I believe elastic contact is what we might be trying to get at here.
The horse should not meet resistanceor a wall when asked to stretch forward into the bit, he should meet an elastic contact which allows him to move freely forward, but also helps maintain the connection and roundness. Contact is taking a feel of the bit with our hands (this does not mean see-sawing, pulling, or even sponging; it means making the hand an extention of the rein, as if we were directly holding on to the bit rings, and knowing when to give or take and when to be passive, or still). The elasticity is the looseness of our elbows and biceps that follow the natural movement of the horse's head as he moves and stretches (keyword is natural; not bobbing or other movements caused by rider issues, training faults, etcetera. These issues must be resolved).
We are not holding our hands in place, which creates inconsistant contact (the horse meets a wall), but not moving our hands manually with each stride either, which also creates inconsistant contact (makes it busy and destroys the meaning of a rewarding give). We allow the horse's head to "carry" our hands and arms, which are flexible, supple, soft, and light (like a bouncy elastic, hence the name), just like how we wish the horse's head to be. We give purposely when nessecary (a reward) and take if needed (to correct or shift position). Elastic contact can't be achieved without the rider first developing independent hands, and the horse must be willing to seek and stretch (not lean!) into the bit when we ask. It is probably one of the most difficult and elusive elements of riding to learn and make natural, for both rider and horse.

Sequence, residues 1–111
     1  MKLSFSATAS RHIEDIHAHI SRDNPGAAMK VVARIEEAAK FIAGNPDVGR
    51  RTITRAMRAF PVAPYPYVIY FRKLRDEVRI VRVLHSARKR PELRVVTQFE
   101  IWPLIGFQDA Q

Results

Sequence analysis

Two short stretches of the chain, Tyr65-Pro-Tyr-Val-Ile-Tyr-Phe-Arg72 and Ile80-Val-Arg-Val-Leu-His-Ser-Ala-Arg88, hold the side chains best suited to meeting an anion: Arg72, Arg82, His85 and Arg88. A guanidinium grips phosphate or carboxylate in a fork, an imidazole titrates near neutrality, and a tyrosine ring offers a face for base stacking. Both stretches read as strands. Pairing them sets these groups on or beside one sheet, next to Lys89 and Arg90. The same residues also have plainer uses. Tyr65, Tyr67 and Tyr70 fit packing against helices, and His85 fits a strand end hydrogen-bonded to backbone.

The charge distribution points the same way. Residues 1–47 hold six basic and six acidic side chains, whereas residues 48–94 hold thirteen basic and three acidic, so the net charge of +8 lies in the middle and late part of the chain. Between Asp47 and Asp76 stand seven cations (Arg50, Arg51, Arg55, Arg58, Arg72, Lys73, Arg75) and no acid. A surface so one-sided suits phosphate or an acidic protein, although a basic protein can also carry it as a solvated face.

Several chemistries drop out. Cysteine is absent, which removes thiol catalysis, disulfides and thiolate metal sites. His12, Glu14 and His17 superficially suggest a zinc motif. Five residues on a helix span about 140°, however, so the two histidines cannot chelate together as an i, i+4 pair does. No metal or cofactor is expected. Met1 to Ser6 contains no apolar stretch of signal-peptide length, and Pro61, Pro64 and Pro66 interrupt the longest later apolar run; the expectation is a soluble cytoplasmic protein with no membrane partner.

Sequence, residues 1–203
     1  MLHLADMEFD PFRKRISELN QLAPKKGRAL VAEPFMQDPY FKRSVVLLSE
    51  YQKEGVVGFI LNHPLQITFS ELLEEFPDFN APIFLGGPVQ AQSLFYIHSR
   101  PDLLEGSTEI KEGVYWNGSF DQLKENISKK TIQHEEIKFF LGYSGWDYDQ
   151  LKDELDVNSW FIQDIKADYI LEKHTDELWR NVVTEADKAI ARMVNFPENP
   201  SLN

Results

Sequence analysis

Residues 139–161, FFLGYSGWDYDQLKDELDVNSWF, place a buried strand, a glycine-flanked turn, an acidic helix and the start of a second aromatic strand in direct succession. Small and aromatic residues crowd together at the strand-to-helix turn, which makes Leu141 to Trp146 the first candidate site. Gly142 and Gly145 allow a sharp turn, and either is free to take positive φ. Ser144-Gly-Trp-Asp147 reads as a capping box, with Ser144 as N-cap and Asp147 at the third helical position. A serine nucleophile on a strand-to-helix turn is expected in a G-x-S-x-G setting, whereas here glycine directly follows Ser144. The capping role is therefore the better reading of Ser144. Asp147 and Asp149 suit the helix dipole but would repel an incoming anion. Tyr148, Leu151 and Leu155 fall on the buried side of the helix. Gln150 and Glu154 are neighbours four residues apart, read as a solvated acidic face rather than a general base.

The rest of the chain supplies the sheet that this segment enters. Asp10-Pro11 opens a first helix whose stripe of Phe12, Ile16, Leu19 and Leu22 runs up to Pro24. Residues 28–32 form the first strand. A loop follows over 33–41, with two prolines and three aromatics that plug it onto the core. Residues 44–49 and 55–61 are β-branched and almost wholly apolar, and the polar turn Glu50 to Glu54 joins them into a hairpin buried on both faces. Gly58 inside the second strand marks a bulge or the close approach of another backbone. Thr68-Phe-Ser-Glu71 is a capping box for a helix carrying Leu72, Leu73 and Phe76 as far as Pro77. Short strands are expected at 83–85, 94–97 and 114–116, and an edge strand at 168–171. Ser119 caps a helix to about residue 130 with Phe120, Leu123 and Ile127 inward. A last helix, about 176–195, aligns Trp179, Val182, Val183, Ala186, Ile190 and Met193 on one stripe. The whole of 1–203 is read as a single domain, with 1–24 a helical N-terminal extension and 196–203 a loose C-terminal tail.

But none of this can ever happen if not accompanied by our other aids, working in balance and harmony. The horse must be appropriately working through, from back to front, before the headset is developed into the appropriate degree.
I hope that made sense. It's not easy to explain! Maybe this video can do better?